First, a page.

Today, we begin a new phase of our analysis of the Illinois Supreme Court’s recent history, as we turn our attention to the work of the individual Justices. Over the next two months, we’ll be assessing how influential individual Justices appear to be in swaying the Court to their point of view. First up: have any of the Justices tended to write more of the Court’s majority opinions than others? Nearly all appellate courts try to equalize the workload among the Justices, so the “default” value would be that each sitting Justice writes one-seventh of the total majority opinions. But of course, one has to actually be in the majority to be assigned the majority opinion.

Today, we’ll address the civil docket between 2000 and 2004. Tomorrow, we’ll turn to the criminal docket for the same years, and over the next two weeks, we’ll address the years 2005-2009 and 2010-2015.

In Table 356 below, we report the total number of majority opinions written by each Justice in civil cases decided with dissent between 2000 and 2004. One might expect a Justice very much in the mainstream of the Court’s thought to frequently vote with the majority in non-unanimous decisions, and therefore frequently find himself or herself writing the majority opinion.

In 2000, the bulk of majorities in non-unanimous civil cases were spread among four Justices – Justices Rathje and Bilandic with four each, and Justices McMorrow and Miller with three each. Chief Justice Harrison and Justice Heiple wrote one each. The following year, non-unanimous majorities were more spread out. Chief Justice Harrison and Justice Thomas wrote three each, Justice Garman and Justice Freeman wrote two apiece, and Justices McMorrow, Miller and Fitzgerald wrote one each. In 2002, Justice Fitzgerald led the Court, writing four non-unanimous civil majorities. Chief Justice McMorrow and Justices Garman and Freeman wrote three each. Chief Justice Harrison wrote two, and Justices Kilbride and Thomas wrote one apiece. The next year, Justice Rarick led the Court, writing four non-unanimous majorities in civil cases. Justices Freeman and Kilbride wrote three each. Justice Garman wrote two, and Chief Justice McMorrow and Justice Freeman wrote one apiece. The distribution shifted yet again in 2004. That year, Justice Freeman wrote five majority opinions in non-unanimous civil cases. Chief Justice McMorrow wrote three, and Justices Garman and Kilbride wrote two each. Justices Rarick and Fitzgerald wrote one majority opinion apiece.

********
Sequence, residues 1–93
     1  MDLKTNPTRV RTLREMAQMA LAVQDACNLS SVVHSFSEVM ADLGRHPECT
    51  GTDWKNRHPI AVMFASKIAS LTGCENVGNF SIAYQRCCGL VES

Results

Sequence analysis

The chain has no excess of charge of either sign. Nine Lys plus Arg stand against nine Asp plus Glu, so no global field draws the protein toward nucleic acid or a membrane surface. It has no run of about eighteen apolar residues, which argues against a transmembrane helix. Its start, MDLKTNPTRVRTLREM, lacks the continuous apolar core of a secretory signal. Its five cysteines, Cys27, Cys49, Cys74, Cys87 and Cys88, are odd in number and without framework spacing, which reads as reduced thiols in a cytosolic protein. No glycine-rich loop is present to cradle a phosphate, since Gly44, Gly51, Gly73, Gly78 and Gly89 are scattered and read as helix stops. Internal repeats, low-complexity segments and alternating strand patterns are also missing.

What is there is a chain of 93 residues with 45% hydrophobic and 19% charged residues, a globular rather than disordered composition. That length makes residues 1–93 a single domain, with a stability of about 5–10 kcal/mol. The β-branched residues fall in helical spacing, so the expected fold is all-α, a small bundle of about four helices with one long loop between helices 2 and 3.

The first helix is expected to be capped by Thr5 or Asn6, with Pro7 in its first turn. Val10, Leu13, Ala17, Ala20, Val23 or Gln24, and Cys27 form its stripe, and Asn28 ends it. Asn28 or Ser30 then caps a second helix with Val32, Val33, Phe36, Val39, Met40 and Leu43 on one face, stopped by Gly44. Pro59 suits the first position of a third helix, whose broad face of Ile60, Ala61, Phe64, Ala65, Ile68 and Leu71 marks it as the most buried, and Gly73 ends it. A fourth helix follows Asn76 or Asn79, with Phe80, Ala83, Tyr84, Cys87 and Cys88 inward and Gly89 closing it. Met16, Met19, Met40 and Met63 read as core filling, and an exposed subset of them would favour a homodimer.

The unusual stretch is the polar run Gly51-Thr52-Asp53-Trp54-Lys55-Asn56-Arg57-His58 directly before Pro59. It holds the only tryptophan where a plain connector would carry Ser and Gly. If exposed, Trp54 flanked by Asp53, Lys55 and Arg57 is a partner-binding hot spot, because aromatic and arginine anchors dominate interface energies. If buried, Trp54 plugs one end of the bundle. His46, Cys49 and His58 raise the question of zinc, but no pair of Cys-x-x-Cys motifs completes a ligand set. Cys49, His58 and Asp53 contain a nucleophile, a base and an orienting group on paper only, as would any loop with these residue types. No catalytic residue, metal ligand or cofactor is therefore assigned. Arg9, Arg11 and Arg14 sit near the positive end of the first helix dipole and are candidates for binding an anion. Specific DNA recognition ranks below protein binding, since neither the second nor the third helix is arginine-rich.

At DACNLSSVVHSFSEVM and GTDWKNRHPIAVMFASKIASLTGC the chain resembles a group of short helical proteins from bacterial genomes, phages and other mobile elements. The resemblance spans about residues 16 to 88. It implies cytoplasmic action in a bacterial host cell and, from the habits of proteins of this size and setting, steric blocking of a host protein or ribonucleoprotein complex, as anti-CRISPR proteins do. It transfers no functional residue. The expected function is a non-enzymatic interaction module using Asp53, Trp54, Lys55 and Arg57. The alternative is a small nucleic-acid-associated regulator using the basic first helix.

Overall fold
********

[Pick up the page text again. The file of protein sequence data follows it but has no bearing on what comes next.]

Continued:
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In Table 357 below, we report the same data, with each Justices’ year computed as a fraction of all the Court’s non-unanimous civil decisions. In 2000, Justices Bilandic and Rathje wrote half of the Court’s total non-unanimous civil majorities between them. Justices McMorrow and Miller wrote 18.75% each. In 2001, Chief Justice Harrison and Justice Thomas each wrote 23.08% of the cases. Justices Garman and Freeman wrote 15.38% each. For 2002, Justice Fitzgerald was responsible for 23.53% of the non-unanimous civil majorities, and Chief Justice McMorrow and Justices Garman and Freeman wrote 17.65% apiece. Chief Justice Harrison wrote 11.76%. In 2003, Justice Rarick wrote 28.57% of the Court’s non-unanimous majorities, and Justices Kilbride and Freeman wrote 21.43% apiece. Justice Garman wrote 14.29% of the majorities. In 2004, Justice Freeman wrote 35.71% of the non-unanimous civil decisions. Chief Justice McMorrow wrote 21.43%. Justices Garman and Kilbride wrote 14.29% of the cases.